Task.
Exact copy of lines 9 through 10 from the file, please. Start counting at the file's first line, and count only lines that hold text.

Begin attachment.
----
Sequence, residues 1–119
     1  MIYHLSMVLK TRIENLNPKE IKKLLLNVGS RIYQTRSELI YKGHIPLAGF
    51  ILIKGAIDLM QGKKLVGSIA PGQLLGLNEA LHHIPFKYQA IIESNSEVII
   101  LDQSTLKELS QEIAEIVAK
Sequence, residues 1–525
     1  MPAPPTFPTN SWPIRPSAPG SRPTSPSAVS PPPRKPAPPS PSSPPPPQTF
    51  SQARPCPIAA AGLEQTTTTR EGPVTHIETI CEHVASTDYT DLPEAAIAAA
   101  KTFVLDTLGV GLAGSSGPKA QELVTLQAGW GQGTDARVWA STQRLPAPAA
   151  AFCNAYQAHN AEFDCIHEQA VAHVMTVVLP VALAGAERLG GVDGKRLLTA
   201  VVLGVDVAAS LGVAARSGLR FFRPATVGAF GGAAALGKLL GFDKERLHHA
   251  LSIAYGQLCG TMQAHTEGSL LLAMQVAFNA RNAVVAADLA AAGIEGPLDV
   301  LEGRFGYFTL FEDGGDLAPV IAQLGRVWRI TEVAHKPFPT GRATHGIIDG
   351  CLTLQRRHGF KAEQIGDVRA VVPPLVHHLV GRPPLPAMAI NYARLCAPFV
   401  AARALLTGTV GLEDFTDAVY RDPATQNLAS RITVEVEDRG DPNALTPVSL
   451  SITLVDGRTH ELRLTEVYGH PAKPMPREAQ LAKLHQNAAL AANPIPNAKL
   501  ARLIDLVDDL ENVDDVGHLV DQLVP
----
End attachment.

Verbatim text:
   151  AFCNAYQAHN AEFDCIHEQA VAHVMTVVLP VALAGAERLG GVDGKRLLTA
   201  VVLGVDVAAS LGVAARSGLR FFRPATVGAF GGAAALGKLL GFDKERLHHA